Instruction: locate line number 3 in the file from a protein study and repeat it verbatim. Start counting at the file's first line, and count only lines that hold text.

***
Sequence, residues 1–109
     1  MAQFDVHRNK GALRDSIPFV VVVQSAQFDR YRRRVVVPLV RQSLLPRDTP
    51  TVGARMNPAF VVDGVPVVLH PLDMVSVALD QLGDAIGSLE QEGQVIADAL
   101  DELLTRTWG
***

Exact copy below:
    51  TVGARMNPAF VVDGVPVVLH PLDMVSVALD QLGDAIGSLE QEGQVIADAL